INDIANAPOLIS — It takes a village — that was the message of the Indianapolis Office of Public Health and Safety's first empowerment conference.
Over 30 organizations attended the event to let parents know what resources are available to their kids and teens this summer as the city focuses on its safe summer initiative.
"We understand that the families in the communities we are engaged with are lacking resources,” said Cameron Shepherd the program manager of the organization's Safety Violence Reduction Team.
“So, a big part of our job is to say we understand that and this is how we are going to alleviate that we will bring the resources to you," Shepherd said.
During the first-ever Empowerment Conference, that's what OPHS did — engaged dozens of grassroots organizations and brought them to one place.
The goal was to provide families with what resources are available in the city for their teens. But some who attended were surprised there weren't more people there.
"This place should be packed and running over with people,” said Melinda Day, who is raising her granddaughter. “If you are truly concerned about our community, our state, our country, our whole nation as a whole, we should be here and that's what it is going to take: everybody."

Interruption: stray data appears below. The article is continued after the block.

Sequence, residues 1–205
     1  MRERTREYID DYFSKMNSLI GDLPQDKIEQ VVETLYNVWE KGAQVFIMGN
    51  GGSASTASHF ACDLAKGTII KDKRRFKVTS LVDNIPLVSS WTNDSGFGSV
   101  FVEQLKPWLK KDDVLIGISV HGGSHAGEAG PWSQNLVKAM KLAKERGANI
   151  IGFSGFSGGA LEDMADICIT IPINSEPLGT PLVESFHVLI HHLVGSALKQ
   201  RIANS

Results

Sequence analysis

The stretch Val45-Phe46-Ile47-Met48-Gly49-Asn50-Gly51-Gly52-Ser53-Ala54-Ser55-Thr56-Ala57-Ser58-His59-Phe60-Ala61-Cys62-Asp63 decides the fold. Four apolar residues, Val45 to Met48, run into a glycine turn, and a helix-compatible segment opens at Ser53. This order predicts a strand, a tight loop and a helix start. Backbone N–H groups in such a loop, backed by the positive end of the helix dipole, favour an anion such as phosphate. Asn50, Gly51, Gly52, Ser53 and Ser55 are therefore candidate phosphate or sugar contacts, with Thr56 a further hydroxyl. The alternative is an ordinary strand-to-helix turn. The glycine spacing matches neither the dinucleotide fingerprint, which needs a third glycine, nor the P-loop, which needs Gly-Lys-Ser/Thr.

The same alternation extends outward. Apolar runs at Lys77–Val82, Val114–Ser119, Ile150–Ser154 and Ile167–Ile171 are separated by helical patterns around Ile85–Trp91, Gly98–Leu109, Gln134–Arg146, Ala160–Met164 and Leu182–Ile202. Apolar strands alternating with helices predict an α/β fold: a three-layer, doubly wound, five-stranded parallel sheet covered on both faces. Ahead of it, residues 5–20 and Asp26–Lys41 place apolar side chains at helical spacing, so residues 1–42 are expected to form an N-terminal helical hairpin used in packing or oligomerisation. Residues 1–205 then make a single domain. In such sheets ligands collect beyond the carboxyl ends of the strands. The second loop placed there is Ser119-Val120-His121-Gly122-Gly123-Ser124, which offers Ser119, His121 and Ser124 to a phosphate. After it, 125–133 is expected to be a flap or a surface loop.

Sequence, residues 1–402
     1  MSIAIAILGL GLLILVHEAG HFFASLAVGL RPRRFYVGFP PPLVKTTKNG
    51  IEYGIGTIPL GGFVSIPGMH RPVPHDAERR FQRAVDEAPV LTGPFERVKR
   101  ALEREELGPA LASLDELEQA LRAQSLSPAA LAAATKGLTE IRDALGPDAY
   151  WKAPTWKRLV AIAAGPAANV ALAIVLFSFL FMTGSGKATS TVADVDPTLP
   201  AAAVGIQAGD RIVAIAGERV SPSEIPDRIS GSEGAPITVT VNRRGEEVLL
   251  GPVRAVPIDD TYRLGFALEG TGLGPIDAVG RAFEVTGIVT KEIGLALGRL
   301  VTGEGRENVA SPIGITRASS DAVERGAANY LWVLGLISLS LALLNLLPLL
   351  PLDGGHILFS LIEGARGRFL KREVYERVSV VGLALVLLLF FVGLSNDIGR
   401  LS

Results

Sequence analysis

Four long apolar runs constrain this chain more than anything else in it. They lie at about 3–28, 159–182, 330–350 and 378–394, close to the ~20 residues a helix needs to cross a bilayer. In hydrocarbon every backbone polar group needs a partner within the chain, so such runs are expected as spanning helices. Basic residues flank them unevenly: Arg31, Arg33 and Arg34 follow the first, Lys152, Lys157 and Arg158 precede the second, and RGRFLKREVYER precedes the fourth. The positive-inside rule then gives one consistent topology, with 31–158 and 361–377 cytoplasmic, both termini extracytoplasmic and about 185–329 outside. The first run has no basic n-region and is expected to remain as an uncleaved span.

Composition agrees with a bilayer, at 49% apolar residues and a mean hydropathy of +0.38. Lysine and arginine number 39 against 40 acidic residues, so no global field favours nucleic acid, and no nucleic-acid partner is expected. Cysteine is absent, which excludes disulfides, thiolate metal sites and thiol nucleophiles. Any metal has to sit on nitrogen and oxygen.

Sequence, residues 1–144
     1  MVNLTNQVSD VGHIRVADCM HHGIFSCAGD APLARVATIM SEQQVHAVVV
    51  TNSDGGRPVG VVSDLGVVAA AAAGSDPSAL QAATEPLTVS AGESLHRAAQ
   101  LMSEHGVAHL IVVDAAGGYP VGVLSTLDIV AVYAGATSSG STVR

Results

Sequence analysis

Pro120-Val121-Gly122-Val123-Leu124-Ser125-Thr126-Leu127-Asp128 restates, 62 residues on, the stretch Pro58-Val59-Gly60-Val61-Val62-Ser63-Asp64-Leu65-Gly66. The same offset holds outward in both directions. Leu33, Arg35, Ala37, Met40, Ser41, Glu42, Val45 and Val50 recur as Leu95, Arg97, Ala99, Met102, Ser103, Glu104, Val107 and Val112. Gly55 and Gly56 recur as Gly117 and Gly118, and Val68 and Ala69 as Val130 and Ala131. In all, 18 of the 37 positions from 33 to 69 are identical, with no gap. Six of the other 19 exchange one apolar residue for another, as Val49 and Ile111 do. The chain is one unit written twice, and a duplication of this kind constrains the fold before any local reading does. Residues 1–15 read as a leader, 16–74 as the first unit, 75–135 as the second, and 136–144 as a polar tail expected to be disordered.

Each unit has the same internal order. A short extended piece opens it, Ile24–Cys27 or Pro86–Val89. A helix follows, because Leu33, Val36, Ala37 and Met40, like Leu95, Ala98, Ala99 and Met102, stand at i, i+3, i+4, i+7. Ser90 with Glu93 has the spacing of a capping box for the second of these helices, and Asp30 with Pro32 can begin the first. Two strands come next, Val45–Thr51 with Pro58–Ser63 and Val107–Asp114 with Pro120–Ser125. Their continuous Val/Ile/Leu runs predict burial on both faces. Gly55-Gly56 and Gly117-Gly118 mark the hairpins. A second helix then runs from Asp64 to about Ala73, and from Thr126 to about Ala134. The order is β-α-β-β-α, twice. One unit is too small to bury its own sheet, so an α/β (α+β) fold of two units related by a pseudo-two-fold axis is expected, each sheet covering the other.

Day said she feels these types of events are important, but she hopes that conversations will turn into solutions and action.
"I think it's a start but it's truly not the end but it's the beginning," said Day. "Those who don't plan to fail. So, I see this is a plan let's follow it through and keep it going."
This is why the Office of Public Health and Safety is reassuring the community that this is just the start of its safe summer initiative.
"We hope that they were impacted in a positive way and that they know moving forward that this is not just a one-stop this is not just a band-aid,” said Shepherd. “We hope that this is continued education and we hope that this is a continued engagement. "
Engagement and partnerships are what the organizations present at the event hope to do moving forward so they too can become a part of the village dedicated to curbing violence in the city.
"We have to learn the power of connection and the actual power of working together,” said Ayanna Jones, the founder and CEO of Breaking Cycles Inc. “If we could all come together and be consistent with the same goal in mind, yes. But as long as we have ten thousand people doing the same work but separate, we are never going to change anything."
The Office of Public Health and Safety says its engagement with the community will continue every Friday night during the summer.
Parents will be able to take their teens to free events starting June 11 at three different locations: Riverside Park, Garfield Park and Washington Park.
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